Audi Q7 Driving Impression
CAPE TOWN, Western Cape – Unless you’ve been hiding under a particularly large rock for the best part of the past decade, you’ll be well aware SUVs are very much Big Business. These days, high-riding options stretch from dinky budget crossovers to luxurious barges on wheels and pseudo-sportscars on stilts.
I find the latter a particularly peculiar breed since such vehicles attempt (seldom successfully) to meld various seemingly incongruent attributes, making all manner of dreadful compromises in the process. They’re heavier, slower and more expensive than their likewise performance-slanted sedan or coupé counterparts, all while trying to hide a loftier centre of gravity. Yet, they’re seldom comfortable.
That’s why I’ve developed quite an appreciation for Audi’s Q7 (and, for similar reasons, the closely related Volkswagen Touareg). Despite sharing its platform with sharper-edged Volkswagen Group siblings such as Porsche’s Cayenne and the Lamborghini Urus, Ingolstadt’s second-generation luxury SUV has precisely zero performance pretensions, regardless of the obligatory smattering of words such as “dynamic” and “sporty” in the marketing material. In fact, even the 900 N.m SQ7 set to arrive on local shores in early 2021 isn’t exactly an out-and-out corner carver.
Just like the pre-facelift version, then, this refreshed Q7 majors in comfort, luxury and refinement. As with that outgoing range – which debuted in South Africa as long ago as September 2015 – there’s just single engine derivative on offer at launch: the 45 TDI, which draws its urge from an unchanged 3,0-litre V6 turbodiesel engine (though there is also a mechanically identical S line variant listed for an extra R60 000).
So, what does this mid-cycle update bring? Well, for one, the starting price has increased a considerable R192 000 to R1 328 500. Audi says that’s partly due to exchange rate woes (thanks, COVID-19) but also points out it has added to the big SUV’s list of standard features. And, to be fair, the Q7’s still priced either in line with or below its direct German rivals.
Spent much of today sampling @AudiSouthAfrica's refreshed Q7 in 45 TDI guise (with the familiar 183 kW/600 N.m 3,0 V6 oil-burner). Just like the pre-facelift model, it's a thoroughly likeable thing that majors in comfort, luxury and refinement. Full thoughts on @CARmagSA soon... pic.twitter.com/B9qcvMDArz
— Ryan Bubear (@Ryan_Bubear) November 16, 2020
While the exterior styling makeover is by no means minor – led by a fresh grille with upright slats, redesigned headlamps and a chrome strip linking the revised taillamps – it’s inside Audi has made the greatest changes (and where the bulk of your extra cash has seemingly been spent). The updated Q7 ditches the old infotainment architecture in favour of the automaker’s latest stacked twin-touchscreen arrangement, complete with the new Audi Connect system and complemented by a highly configurable standard digital instrument cluster.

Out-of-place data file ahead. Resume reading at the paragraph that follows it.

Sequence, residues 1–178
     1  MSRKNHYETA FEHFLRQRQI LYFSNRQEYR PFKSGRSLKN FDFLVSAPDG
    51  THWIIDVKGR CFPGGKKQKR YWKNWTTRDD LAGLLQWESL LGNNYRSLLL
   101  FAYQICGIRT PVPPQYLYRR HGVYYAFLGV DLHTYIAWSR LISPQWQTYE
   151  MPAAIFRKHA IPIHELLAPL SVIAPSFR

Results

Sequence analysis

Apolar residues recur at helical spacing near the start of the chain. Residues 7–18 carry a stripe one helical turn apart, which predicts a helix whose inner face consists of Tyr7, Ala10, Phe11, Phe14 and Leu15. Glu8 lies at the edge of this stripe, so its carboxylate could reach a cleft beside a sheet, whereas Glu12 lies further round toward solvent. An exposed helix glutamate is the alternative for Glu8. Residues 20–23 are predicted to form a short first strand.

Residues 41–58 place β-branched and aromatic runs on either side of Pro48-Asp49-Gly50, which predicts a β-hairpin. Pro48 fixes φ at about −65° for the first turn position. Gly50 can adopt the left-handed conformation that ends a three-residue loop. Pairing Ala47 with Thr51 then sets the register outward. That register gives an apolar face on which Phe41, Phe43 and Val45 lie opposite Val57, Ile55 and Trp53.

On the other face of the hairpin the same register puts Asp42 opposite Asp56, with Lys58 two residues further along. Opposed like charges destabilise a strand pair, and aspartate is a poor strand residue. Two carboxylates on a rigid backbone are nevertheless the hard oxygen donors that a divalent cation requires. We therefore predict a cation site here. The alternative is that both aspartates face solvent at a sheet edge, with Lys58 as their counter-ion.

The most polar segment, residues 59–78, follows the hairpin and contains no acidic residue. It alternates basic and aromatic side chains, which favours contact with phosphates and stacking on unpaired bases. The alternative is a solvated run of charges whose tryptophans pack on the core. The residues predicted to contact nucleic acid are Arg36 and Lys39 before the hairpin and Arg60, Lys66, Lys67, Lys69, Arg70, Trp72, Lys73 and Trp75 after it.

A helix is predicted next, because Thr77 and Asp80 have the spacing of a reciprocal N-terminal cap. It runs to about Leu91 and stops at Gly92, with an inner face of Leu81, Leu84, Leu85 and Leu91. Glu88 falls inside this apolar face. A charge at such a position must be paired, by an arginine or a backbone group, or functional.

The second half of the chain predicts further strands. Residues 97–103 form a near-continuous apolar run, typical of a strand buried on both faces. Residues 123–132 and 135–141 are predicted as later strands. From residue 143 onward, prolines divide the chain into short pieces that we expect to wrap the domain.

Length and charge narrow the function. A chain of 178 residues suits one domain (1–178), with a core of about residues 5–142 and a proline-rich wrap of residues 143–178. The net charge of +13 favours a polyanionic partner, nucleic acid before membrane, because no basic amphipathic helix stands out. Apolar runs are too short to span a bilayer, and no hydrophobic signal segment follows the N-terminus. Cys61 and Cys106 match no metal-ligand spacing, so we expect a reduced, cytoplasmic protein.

As a reminder, the upper 10,1-inch display covers infotainment and navigation functions, while the 8,6-inch arrangement sited directly below it takes care of climate control and other convenience functions. As was pointed out in CAR’s 2019 test of the Q8, the touchscreen-based system is pleasing to look at (when it’s not covered in fingerprints, that is) but isn’t the most user-friendly on the move, even though Audi added a haptic-feedback feature. Give me wonderfully tactile physical buttons any day of the week.
Still, the Q7’s cabin again features a pleasing mix of typically solid build quality and impressive passenger (plus packing) space, with this latest revision bringing yet more technology to the table. As before, the SUV ships standard in five-seater guise, although there’s again the R20 800 option to add two additional pews at the rear, complete with an electric folding function and Isofix anchors. Either way, it’s an eminently practical thing.
With adaptive air suspension (a R27 900 option on the standard Q7 45 TDI but available at “no cost” on the S line variant) fitted, our test unit delivered a suitably supple ride, despite the fitment of optional 21-inch alloys wrapped in 285/40 rubber. The suspension upgrade furthermore adds the ability to vary ground clearance at the prod of a button, while the availability of rear-wheel steering lends this five-plus-metre-long SUV a welcome degree of nimbleness at parking speeds.
So, what about the powertrain? Well, while the familiar six-cylinder unit is untouched, still delivering 183 kW and 600 N.m to all four corners via a smooth-shifting eight-speed automatic transmission, that needn’t be seen as a negative. It’s a lovely, creamy oil-burner, offering a pleasing mix of low-down shove and open-road refinement.
Indeed, the Q7 isn’t the sort of SUV you feel the need to hustle along your favourite slice of twisty tarmac. Instead, it prefers to float along calmly in comfort mode, munching mile after mile with quiet competency.
Sure, the likes of BMW’s X5 and the aforementioned Cayenne offer a decidedly more engaging driving experience. And, yes, something like the Land Rover Discovery boasts a broader set of off-road skills. But it’s the Q7’s laser-like focus on refinement and comfort that ultimately defines it. And, despite so many of the segment's contenders chasing performance over practicality, there’s certainly still a place for a softly sprung luxury SUV with oodles of space.
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